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Bill would put renewable energy sources on public land  

A new House bill, gaining support among lawmakers in Boise, could spearhead the construction of renewable energy plants on Idaho’s federal lands.

If enacted, HB 500 would open up some of Idaho’s endowment lands for the capture of renewable energy such as wind, geothermal or solar rays. That power could be used to satiate Idaho’s growing energy needs or be sold to neighboring states.

“This bill has tremendous potential,” said Rep. Eric Anderson, R-Priest Lake. “Idaho has some of the best wind availability in the nation, and we were rated top-10 in geothermal activity.”

Shortfalls in the state’s spending budget and a looming national recession prompted Anderson to look for new ways to use endowment lands.

Anderson said however the energy is used, a large part of the revenue garnered by the endeavor would stream directly to Idaho’s public schools.

Idaho’s 2.1 million acres of public school endowment lands, as well as 350,000 acres of additional endowment land for other beneficiaries, were established to generate funds for public needs when statehood was first granted in 1890.

Much of the endowment lands are now used for grazing by cattle ranchers.

Conflict could be created as cattlemen are pushed on to new pasture, but Anderson said even a fully operating geothermal plant would take up a small portion of the endowment property, and other uses could be maintained.

Other markets for the lands, such as timber and mining, have decreased over the years. And with that drop, the profitability of endowment lands have likewise diminished.

Anderson said the bill would mirror language used in the state’s 2007 energy plan and would allow the land’s use to include creating energy from fuel cells; low-impact hydro, wind, geothermal and solar energy; landfill gas, biomass or cogeneration.

If enacted, the bill would call for an inventory of the areas with the most energy-producing potential. It would also allow the state to seek out private energy contractors to build.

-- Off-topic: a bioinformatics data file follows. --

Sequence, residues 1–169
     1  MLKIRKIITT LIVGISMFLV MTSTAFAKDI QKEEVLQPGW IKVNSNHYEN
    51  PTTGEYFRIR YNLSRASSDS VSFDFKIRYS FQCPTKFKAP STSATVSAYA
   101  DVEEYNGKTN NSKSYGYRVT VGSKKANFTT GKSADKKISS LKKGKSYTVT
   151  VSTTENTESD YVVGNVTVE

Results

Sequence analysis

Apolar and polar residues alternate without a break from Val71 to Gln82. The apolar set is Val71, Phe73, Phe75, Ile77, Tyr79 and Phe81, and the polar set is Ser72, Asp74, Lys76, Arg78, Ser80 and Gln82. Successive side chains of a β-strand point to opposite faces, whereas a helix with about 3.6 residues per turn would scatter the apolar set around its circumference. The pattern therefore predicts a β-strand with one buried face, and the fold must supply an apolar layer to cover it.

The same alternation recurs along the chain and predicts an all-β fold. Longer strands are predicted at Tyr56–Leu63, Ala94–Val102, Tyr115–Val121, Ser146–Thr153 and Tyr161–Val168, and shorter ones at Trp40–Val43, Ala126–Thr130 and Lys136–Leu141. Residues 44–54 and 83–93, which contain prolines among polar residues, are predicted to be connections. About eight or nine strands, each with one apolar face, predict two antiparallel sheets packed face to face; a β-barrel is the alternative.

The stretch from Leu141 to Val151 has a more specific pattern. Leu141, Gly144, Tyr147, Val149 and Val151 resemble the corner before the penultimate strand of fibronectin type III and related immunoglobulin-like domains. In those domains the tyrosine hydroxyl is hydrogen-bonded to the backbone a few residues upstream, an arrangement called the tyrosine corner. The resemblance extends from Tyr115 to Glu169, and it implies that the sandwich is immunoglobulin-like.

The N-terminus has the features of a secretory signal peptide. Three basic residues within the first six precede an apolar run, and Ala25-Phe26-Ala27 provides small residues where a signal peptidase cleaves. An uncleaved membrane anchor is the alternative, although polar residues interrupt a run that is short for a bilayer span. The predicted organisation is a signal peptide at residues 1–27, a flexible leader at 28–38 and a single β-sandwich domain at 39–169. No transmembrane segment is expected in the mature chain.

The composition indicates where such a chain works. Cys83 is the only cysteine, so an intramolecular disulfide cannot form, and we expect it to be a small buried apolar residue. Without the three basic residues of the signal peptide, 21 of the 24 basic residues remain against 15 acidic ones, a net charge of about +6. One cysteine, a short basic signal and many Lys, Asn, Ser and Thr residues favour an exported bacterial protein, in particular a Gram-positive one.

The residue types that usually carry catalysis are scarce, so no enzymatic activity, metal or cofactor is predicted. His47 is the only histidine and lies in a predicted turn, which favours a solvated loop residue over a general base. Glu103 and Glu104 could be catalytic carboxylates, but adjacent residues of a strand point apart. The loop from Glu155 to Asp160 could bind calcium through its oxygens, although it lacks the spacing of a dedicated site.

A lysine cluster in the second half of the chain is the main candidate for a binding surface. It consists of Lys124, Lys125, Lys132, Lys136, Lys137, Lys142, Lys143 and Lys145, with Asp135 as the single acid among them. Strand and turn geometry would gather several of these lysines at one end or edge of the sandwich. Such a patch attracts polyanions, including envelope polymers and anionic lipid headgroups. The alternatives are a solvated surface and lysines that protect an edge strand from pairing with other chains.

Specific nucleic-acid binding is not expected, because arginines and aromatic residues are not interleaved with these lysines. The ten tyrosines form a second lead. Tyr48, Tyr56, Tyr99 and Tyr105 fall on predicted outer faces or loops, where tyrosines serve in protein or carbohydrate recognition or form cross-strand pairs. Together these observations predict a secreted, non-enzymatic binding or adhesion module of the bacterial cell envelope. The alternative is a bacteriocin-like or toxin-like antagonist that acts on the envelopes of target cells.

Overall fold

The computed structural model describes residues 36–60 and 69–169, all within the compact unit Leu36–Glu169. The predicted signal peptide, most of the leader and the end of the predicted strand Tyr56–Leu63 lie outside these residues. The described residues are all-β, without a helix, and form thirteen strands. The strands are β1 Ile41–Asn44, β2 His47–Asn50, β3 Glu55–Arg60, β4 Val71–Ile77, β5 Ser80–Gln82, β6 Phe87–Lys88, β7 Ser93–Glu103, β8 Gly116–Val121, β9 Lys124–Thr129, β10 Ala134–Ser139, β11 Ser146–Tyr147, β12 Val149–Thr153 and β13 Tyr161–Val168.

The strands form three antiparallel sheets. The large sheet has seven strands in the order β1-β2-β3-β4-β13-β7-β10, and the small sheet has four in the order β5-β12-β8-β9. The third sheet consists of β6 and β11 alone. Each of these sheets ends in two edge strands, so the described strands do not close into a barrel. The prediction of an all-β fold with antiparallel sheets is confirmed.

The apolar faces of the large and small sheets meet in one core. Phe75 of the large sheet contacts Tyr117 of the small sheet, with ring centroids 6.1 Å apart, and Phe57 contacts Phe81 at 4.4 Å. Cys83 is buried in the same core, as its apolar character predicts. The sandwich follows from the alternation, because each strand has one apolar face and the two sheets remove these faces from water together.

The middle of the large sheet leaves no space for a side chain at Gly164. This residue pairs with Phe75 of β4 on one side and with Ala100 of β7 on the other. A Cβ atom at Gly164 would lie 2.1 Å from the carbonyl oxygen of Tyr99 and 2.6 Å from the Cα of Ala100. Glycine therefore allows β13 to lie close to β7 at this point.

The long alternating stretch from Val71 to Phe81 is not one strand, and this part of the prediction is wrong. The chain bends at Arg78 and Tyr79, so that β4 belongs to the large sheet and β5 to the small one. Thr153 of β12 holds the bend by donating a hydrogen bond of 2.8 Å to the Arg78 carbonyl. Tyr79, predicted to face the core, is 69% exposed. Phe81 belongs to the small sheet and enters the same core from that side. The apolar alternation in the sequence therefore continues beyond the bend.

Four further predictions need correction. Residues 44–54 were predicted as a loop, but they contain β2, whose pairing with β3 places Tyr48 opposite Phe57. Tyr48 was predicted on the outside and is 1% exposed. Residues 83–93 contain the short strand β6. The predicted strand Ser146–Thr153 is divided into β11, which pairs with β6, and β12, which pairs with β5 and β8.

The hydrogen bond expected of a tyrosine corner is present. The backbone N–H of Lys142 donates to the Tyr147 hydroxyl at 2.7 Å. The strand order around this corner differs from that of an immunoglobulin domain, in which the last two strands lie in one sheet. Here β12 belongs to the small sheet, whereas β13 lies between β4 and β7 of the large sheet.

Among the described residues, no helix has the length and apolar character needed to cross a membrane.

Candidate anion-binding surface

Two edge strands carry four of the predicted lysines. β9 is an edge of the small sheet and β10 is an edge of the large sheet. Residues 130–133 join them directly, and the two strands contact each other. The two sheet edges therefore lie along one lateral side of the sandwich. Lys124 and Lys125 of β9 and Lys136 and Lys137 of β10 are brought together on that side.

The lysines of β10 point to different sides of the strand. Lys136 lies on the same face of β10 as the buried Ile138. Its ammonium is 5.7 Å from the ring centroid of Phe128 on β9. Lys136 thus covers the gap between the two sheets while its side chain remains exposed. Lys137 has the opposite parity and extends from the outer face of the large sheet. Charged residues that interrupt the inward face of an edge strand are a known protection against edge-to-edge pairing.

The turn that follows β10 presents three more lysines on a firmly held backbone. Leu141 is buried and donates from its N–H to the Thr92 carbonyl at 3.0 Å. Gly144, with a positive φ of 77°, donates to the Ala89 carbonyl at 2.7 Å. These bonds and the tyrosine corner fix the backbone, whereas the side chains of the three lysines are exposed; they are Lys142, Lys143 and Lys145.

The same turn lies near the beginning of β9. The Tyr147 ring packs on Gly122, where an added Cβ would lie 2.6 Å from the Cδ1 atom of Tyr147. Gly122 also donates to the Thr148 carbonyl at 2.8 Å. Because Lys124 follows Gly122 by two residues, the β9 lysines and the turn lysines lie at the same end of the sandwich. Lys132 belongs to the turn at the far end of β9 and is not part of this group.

“There’s a lot of players out there,” Anderson said. “This is for whoever wants to come in and bid on the project.”

Whatever kind of energy is captured, the bill indicates the facility can not generate less than 25 kilowatts of electricity annually.

“This potentially could generate hundreds of thousands of dollars a year,” said Rep. Bob Nonini, R-Coeur d’Alene, who supports the bill.

Nonini said on Thursday the bill will be presented to the five-member State Board of Land Commissioners, which governs Idaho’s endowment lands, and is made up by the Governor, Secretary of State, Attorney General, State Controller and Superintendent of Public Instruction.

“I think they’ll be very excited about this,” Nonini said.

Anderson said he has been seeking support in the House and Senate.

“Our intention is to move forward aggressively,” he said.

“It’s prudent for us to be creative as a legislature, and see there are other categories of funding that we haven’t pursued yet,” Anderson said. “If you can tap into natural resources, which we used to do, you can create economic sustainability.”

By Sean Garmire
Staff Writer

Coeur d’Alene Press

18 February 2008

This article is the work of the source indicated. Any opinions expressed in it are not necessarily those of National Wind Watch.

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